Cultural Analytics of Large Datasets from Flickr
Daniela Ushizima, Todd Margolis, and Jeremy Douglass.
The Proceedings of the Sixth International AAAI Conference on Weblogs and Social Media, Trinity College in Dublin, Ireland, June 4–8, 2012.
Our goal is to use computational methods to analyze large samples of cultural fields, map these samples according to visual style, content and other dimensions, by using met- rics in high dimensional spaces, and visualization tools. To the best of our knowledge, there is no system that provides “exploratory data analysis” with large image sets created by users and available on social media networks. We propose a framework for identifying clusters based on visual and/or semantic similarity that uses digital image analysis to de- scribe the content. Different from content-based image retrieval, and assumptions about existing labels such as ”styles” and ”genres,” we want to map the full visual variability of large cultural datasets. Such datasets sel- dom allow well-defined hypothesis definition with clear la- bels before analysis, and require alternative approaches (Ya- maoka et al. 2011). This is the grand idea of our project, and this paper lays out some preliminary, but fundamental steps towards clustering without “labels.”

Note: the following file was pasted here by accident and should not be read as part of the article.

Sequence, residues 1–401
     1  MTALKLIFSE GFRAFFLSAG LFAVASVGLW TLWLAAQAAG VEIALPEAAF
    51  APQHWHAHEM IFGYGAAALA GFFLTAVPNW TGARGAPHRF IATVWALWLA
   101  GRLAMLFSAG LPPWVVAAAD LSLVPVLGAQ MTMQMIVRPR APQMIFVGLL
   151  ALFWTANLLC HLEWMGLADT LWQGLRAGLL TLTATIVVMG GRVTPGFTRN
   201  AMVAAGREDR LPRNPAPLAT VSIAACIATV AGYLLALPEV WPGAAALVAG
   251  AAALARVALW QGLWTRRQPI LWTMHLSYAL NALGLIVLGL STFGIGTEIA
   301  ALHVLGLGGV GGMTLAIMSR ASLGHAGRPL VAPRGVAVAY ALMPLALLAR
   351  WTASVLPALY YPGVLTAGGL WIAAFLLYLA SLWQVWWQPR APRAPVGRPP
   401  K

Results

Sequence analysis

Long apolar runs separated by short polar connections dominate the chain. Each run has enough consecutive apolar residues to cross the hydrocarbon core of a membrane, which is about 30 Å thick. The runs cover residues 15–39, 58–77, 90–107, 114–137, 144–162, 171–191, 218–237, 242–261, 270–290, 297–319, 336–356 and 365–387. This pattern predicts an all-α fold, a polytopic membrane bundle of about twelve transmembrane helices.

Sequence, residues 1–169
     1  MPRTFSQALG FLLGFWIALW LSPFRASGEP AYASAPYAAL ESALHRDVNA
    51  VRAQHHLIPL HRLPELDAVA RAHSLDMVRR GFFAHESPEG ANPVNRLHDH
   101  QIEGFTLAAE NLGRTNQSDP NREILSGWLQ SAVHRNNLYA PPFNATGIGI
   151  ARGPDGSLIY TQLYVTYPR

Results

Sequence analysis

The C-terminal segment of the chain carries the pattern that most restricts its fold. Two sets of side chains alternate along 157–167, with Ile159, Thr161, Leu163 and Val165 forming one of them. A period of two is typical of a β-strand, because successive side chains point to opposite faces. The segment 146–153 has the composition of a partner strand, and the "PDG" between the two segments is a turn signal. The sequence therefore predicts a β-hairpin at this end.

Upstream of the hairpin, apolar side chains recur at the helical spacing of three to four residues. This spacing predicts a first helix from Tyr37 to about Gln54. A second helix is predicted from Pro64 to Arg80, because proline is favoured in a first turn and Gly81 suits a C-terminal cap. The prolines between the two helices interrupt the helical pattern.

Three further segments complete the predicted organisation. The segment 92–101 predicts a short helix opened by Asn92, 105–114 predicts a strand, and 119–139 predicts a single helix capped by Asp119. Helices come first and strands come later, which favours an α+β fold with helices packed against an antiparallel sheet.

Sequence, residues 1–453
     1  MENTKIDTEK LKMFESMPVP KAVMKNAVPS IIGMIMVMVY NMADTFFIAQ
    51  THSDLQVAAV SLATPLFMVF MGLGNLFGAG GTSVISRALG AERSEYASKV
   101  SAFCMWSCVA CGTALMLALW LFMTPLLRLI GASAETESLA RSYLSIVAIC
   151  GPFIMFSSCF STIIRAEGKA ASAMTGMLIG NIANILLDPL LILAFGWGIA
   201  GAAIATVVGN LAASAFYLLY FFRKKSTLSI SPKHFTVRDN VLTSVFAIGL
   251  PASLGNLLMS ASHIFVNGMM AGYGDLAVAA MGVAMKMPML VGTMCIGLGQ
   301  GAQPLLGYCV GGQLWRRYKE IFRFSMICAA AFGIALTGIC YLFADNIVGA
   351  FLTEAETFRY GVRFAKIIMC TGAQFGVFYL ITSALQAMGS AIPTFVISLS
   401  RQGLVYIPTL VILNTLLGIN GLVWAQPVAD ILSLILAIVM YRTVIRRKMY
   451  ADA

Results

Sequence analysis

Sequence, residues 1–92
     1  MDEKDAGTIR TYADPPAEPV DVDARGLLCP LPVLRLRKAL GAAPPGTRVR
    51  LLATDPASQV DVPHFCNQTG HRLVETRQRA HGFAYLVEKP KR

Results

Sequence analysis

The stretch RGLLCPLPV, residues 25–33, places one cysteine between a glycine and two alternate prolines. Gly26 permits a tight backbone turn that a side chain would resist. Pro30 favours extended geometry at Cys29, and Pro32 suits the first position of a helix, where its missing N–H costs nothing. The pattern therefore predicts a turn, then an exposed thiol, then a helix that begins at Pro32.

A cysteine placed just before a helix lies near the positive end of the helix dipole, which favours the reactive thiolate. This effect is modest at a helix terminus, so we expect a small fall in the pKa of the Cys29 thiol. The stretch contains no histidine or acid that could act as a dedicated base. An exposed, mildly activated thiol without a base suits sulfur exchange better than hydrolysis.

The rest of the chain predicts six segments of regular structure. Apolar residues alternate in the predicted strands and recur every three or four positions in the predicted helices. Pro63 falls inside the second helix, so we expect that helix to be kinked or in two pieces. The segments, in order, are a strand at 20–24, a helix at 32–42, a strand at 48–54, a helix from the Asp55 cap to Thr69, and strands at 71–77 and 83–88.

Our image datasets come from two Flickr groups: a) Art Now, described as “A group for displaying, fostering aware- ness and discussing the emerging relevant art and artists of today”; b) Graphic Design, described as “Anything from drawings you did in Paint to photoshoped images. In our project, we compare the same number of images (170,000) from each group.